A 75 Kg. triathlete with a threshold (think maximum sustainable power for an "all-out" hour TT) power of 300W could ride the bike segment of Ironman Lake Placid at a normalized power (think weighted average power) of 240W. At this effort, "staying legal" and possessing average aerodynamics (whatever that means), he'll likely ride about 5:30. What he should hold is much closer to 220W, though. This will add about 5 minutes to his bike time...and likely save him 25-30' on the run. The reality is that even if he were to drop down to 210W, he'd still go 5:40...and possibly save even more for the run.
It never ceases to amaze me just how huge an impact riding even a little bit too hard on the bike has on an athlete's run. The longer the race the worse the damage. An athlete capable of a 3;30 stand alone marathon, if properly trained and on a reasonable day weather-wise, that has a sound nutrition plan, shouldn't run slower than 4:00 hrs...and in reality, on a flat course (unlike Placid), closer to 3:50. So, why do so many pros, and especially age groupers run so far off their marathon PR? Answer: They ride too hard. You may say, "how hard should I ride then smartass?" Don't worry, I am going to tell you.
If you're a male pro, you should be holding somewhere up to-78% of threshold power , for a female pro, 75% and for an competitive age grouper, between 68-73% of threshold. The variation occurs for many, many reasons, but in simplest terms, if you ride for 4:40 instead of 6:00 hrs. you can hold a higher percentage and still run well. Athletes with a proper understanding of how to use a power meter use their power meters as a governor to ensure they don't ride too hard. It's so common for an athlete to tell me they felt they were going way too easily early on and just how tempted they were to go harder, but how grateful they were later that they didn't.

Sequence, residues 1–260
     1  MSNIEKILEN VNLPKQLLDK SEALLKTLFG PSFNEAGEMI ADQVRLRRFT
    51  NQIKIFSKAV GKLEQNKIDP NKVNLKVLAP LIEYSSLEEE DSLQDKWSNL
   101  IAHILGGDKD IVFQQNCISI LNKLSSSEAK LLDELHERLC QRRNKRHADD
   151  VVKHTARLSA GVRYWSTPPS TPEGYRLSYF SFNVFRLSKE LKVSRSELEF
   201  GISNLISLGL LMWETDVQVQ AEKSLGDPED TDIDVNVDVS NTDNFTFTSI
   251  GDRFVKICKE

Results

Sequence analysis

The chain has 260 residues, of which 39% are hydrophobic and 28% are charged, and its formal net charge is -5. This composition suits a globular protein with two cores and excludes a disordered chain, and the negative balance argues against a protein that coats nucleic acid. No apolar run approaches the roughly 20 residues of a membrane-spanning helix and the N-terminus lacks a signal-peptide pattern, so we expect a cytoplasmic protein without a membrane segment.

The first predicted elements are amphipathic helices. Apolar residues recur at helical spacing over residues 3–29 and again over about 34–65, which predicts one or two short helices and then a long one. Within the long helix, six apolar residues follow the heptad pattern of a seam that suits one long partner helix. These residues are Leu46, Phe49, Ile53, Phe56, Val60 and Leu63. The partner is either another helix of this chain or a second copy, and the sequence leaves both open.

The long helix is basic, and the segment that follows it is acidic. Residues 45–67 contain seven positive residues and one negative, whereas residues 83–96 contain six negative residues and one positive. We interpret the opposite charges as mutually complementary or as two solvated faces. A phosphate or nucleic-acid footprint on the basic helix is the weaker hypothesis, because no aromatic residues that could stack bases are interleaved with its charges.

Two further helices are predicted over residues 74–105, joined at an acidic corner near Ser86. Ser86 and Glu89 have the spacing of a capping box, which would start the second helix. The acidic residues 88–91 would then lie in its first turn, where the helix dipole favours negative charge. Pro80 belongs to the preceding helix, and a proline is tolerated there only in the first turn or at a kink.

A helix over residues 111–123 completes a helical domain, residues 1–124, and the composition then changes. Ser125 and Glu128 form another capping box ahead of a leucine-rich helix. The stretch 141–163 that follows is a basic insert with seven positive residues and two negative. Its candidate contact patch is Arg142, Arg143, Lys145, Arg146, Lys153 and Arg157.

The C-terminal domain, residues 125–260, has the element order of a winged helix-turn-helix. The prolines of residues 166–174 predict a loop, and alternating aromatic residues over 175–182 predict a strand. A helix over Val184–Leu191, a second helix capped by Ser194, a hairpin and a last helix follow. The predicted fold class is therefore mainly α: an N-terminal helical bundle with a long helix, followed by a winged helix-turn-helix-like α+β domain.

It's so easy early on when at your fittest and having tapered effectively to feel awesome and be tempted to push too hard, but the power meter is there to tell you "whoa now, you will pay for this later". Remember: "All you can do, is all you can do". (Coggan) There are great days, and they can be planned relatively easily, but there are no miracles. In other words, the above athlete will never (yeah, I'm sayin' never) ride 80% of threshold in Placid without imploding on the run...never. Next time you watch an IM think about all those long runs, threshold runs, all that track work that each and everyone that pinned on a number has done, and then take note of how many are walking. Most simply rode too hard...it kills me to see the disappointment.
Now, for those that don't have power meters yet, think about training and racing with one. As Danielle Sullivan says, "having one is like cheating". If getting one isn't in the cards, then perhaps I can offer this advice: Ride easily for the first 80 miles (at Placid until the second time past Upper Jay) and then ride no harder than steady. Then get off your bike a run a marathon.